“Is there anything else I should know?” I asked. “Before this plane takes o?”
“Are we talking metaphorically or actually? Like the actual mechanics of the
plane? Because I did do a brief stint at Boeing when I rst got to Seattle.”
We were on the ight from New York to San Francisco, a one-way ticket for
me. The Shop had sprung for rst class for both of us because Owen had been in
New York for business in preparation for The Shop’s IPO. Owen had stayed on
for the initial reason he’d been planning to be in New York that week—to help
move me out of it.
We had spent the last few days packing up my apartment, packing up my
studio. And, when we landed, I’d move into his home. His and Bailey’s. It would
become my home too. And, soon, I would be his wife.
“I’m asking you what you left out. About you.”
“While you can still get o the plane? We haven’t started taxiing yet. There’s
probably still time…”
He squeezed my hand, trying to make light of it. But I was still jumpy. I was
suddenly too jumpy.
“What do you want to know?” he said.
“Tell me about Olivia,” I said.
“I’ve told you a lot about Olivia,” he said.
“Not really. I feel like I know only the basics. College sweetheart, teacher.
Georgia born and bred.”
I didn’t add the rest… that he lost her in a car accident. That he hadn’t been
involved, seriously, with anyone since.
“Now that I’m going to be in Bailey’s life, in a serious way, I want to know
more about her mother.”
He tilted his head, like he was considering where to start.
“When Bailey was a baby? We all took a trip to Los Angeles. It was the
weekend that a tiger escaped from the Los Angeles Zoo. A young tiger, who had
been at the zoo for only a year or so. He didn’t just escape his cage, but the entire
premises. And he ended up in a family’s backyard in Los Feliz. When he got
there, he didn’t hurt anyone. He curled up under a tree and took a nap. Olivia
was consumed with this story, which is probably how she found out the other
I smiled. “What’s that?”
“The family whose backyard the tiger had curled up in had gone to the zoo
only a few weeks before and one of their two young boys had been obsessed with
the tiger. The boy had cried when he had to leave the tiger, not understanding
why he couldn’t take the tiger home with him. How do you explain that the
tiger ended up at this boy’s home? A coincidence? That was what the zoologists
decided. The family lived pretty close to the zoo. But Olivia thought it served as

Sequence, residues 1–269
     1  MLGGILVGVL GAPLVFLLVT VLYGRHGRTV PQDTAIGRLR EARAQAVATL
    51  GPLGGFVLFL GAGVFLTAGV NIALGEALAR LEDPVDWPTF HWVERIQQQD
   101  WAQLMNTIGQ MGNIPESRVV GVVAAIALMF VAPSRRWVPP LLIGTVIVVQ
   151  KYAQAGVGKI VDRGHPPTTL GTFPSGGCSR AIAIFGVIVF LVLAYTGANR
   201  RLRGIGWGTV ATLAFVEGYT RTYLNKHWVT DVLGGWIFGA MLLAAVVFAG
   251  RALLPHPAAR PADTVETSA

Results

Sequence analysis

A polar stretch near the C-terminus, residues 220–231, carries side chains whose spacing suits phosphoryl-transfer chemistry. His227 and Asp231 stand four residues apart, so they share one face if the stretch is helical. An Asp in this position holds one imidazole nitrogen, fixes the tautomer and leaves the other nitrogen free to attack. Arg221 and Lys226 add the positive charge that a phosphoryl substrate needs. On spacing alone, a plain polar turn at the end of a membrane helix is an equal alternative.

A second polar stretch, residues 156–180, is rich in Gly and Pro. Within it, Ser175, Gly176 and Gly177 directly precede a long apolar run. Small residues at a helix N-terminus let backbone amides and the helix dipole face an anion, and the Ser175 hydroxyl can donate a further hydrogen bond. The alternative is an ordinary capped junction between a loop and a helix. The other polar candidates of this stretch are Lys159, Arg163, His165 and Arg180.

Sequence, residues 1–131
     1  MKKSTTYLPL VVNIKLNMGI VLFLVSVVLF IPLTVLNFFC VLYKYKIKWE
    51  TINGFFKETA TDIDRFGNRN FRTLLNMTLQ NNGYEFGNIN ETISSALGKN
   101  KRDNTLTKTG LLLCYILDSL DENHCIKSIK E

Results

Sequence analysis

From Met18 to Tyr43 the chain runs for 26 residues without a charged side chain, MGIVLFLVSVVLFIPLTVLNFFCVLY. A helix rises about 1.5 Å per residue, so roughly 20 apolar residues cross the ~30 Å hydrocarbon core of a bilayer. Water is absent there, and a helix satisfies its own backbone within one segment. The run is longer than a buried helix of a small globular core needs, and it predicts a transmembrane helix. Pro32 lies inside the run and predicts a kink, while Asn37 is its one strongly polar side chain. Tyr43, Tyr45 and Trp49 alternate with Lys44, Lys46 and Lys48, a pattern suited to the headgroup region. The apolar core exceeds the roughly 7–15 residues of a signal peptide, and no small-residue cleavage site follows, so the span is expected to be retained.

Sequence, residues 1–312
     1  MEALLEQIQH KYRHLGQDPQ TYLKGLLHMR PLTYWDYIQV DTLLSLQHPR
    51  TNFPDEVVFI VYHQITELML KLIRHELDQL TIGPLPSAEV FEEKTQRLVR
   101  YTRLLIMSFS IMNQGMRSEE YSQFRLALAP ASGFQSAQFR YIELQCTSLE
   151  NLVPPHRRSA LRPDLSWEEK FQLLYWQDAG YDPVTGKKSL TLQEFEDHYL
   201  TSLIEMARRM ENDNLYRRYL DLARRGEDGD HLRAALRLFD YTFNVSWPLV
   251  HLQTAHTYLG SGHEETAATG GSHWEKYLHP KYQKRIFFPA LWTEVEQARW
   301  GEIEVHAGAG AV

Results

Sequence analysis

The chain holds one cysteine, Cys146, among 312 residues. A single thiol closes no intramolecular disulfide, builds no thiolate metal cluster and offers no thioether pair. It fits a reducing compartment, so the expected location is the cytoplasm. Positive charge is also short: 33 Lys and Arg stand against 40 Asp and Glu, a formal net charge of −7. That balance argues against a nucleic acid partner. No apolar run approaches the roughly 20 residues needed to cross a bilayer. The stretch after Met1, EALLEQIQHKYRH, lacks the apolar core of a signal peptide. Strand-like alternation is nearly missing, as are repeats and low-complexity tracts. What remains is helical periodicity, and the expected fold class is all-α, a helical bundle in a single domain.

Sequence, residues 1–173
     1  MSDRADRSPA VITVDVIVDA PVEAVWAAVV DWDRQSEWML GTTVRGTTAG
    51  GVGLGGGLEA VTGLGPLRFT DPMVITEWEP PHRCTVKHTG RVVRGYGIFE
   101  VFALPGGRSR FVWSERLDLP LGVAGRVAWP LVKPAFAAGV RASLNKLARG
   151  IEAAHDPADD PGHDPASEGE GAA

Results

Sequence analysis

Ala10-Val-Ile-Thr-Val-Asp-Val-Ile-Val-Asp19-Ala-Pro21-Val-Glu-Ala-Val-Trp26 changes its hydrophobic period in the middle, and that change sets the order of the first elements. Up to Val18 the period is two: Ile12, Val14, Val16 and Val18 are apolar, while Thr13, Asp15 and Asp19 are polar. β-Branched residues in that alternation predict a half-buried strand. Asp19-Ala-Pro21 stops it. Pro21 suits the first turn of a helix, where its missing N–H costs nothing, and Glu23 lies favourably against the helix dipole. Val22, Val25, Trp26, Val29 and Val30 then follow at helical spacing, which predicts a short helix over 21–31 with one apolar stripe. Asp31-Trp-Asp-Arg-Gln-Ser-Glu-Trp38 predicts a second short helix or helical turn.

proof. That sometimes you nd your way to the place that wants you most.”
“I love that story.”
“You would have loved her,” he said. Then he smiled, looked out the airplane
window. “There was no way… not to love her.”
I squeezed his shoulder. “Thank you.”
He turned back toward me. “Do you feel better?”
“Not really,” I said.
He laughed. “What else do you want to know?”
I tried to think of what I was asking for—it wasn’t about Olivia. It wasn’t
even about Bailey. Not exactly, at least.
“I think… I think I need you to say it out loud,” I said.
“That we’re doing the right thing.”
That was the closest I could get to it—the closest way to express what I was
actually worried about. I wasn’t used to being a part of a family, not since I lost
my grandfather. And that didn’t exactly feel like a family. That felt like a
twosome, plowing our way through the world, just me and him. His funeral was
the last time I even saw my mother. Her calls on my birthday (or somewhere
around my birthday) were our only form of communication at this point.
This was going to be something dierent. It would be the rst time I was a
part of an actual family. I felt completely unsure of how to do it properly, how to
count on Owen, how to show Bailey she could count on me.
“We’re doing the right thing,” Owen said. “We’re doing the only thing. I
swear to you, on everything that matters to me, that’s how I feel.”
I nodded, calmed. Because I believed him. And because I wasn’t really
nervous, at least not about him. I knew how much I wanted him—how much I
wanted to be with him. Even if I didn’t know everything about him yet, I knew
that he was good. I was nervous about everything else.
He leaned in and put his lips against my forehead. “I’m not going to be that
asshole who says you kinda have to trust someone at some point.”
“You’re going to be the asshole who says it without saying it?”
The airplane started backing up, jolting us, before it turned, slowly heading
toward the runway.
“Apparently,” he said.
“I know I can trust you,” I said. “I do. I trust you more than anyone.”
He locked his ngers through mine.
“Metaphorically or actually?” he said.
I looked down at our ngers, locked together like that, just in time for
takeo. I stared down at them, nding comfort there.
“Here’s hoping they’re the same thing,” I said.